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htps://abcnews.go.com/Business/wireStory/massive-cargo-ship-carrying-cars-sinks-mid-atlantic-83179516

Sounds like the fires could not be put out. 1000+ Porsches Kaput....
A big hit for the insurers and a scramble to determine cause...
"A mile of highway will take you one mile. A mile of runway will take you anywhere."
Wonder how all those cars that Tesla ships to Europe from California and China haven't caused any fires. There are lots of things that cause fires on ships.

Of course the ship owners will blame it on someone else. Who knows if the cars were damaged while being loaded.

ICE cars catch fire more frequently than battery powered cars.but without the publicity.
There is a feeling among some that electric cars are a terrible transformation of what we had taken up worshiping, so there is a tendency to find ways to blame new technology for anything bad. A tendency to focus on the "what if...". What if there were some BEVs on board and we could blame them for the fire? It's too tempting for some. And too hard to prove.
but spontaneous combustion in batteries that aren't being charged or discharged is very rare
As someone with 40 years in the maritime industry (25 sailing and managing RO/ROs), cargo hold fires are not "common". Most shipboard fires start in the machinery spaces, the galley, sometimes in the quarters. We probably won't ever know from the mainstream press where the fire started, what was done to fight the fire, etc. The flag state and classification society for the vessel will do investigations but this sinking will be forgotten outside the industry. What is a concern is the approach to fighting fires from lithium batteries aboard ships as opposed to shoreside. Simply using the vessels fixed and portable fire fighting systems may not be effective. In case it isn't obvious, a shipboard fire is the worst thing the crew can face. It doesn't take long for a fire to overcome the crew's efforts.
To be clear, I'm not by any means saying that the chance of a cargo ship having a fire is high but that because there are a lot of cargo ships, incidents are not unusual.


Container ship fires 2000-2019. Source: Everstream Analytics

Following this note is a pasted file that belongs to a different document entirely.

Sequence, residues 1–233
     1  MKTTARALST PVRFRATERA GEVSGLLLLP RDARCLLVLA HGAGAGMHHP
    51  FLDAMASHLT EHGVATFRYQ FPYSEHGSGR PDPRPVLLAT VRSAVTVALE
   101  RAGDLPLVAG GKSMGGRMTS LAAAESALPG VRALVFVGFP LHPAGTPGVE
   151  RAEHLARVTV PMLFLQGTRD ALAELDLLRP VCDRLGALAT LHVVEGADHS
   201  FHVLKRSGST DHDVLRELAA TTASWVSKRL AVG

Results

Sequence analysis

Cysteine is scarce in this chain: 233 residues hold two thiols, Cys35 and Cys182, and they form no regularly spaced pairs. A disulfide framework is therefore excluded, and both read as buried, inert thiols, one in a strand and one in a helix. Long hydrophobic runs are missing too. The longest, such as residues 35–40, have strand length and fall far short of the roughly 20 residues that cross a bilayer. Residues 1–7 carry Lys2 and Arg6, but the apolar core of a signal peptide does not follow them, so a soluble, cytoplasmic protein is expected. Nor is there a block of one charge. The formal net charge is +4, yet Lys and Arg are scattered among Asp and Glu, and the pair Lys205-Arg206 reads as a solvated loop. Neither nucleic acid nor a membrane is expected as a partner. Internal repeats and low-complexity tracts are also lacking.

(from [www.freightwaves.com])
“Sources suggest that container fires may occur on a weekly basis and statistics indicate there is a major container cargo fire at sea roughly every 60 days.”



Edited 1 time(s). Last edit at 03/02/2022 03:34PM by Boxsterra. (view changes)
Well, every class of vessel that carries commercial freight is a cargo vessel. As I stated above most fires do not originate in the "cargo hold" and I probably should have qualified that my statement is specific to RO/ROs. RO/RO cargo holds are wide open decks - think underground parking garage. While some vessels back in the early development of RO/ROs could be called "roll on roll off general cargo" vessels which could carry anything that could be rolled abroad, most modern builds are much more specialized,
Car carriers are an example. Containers cannot be carried on a car carrier because they are not built with the deck height to accommodate them.

Keep in mind that the fire did not necessarily have to start in a battery - a fire started elsewhere that spread into the deck with the electric cars would almost certainly result in battery fires that made controlling them more difficult and ultimately led to the loss of the vessel. This accident makes me question if the regulators have caught up with the differences in firefighting techniques when dealing with battery fires.

Container fires are a different issue - most often made more difficult to fight because shippers load them with hazardous materials and don't state so on the manifest. In the early 80's the company I worked for had a fire at sea enroute to Alaska in a military container mounted on a ro/ro chassis. The manifest stated the contents were household goods - it was later revealed that it was loaded with chemicals. The fire proved extremely difficult causing damage that required taking the ship out of service. If anyone is interested see the link.

[www.nortonrosefulbright.com]
"A mile of highway will take you one mile. A mile of runway will take you anywhere."
Is what would have happened if all those vehicles were gas, We do know some of those vehicles were gas. (Lambos)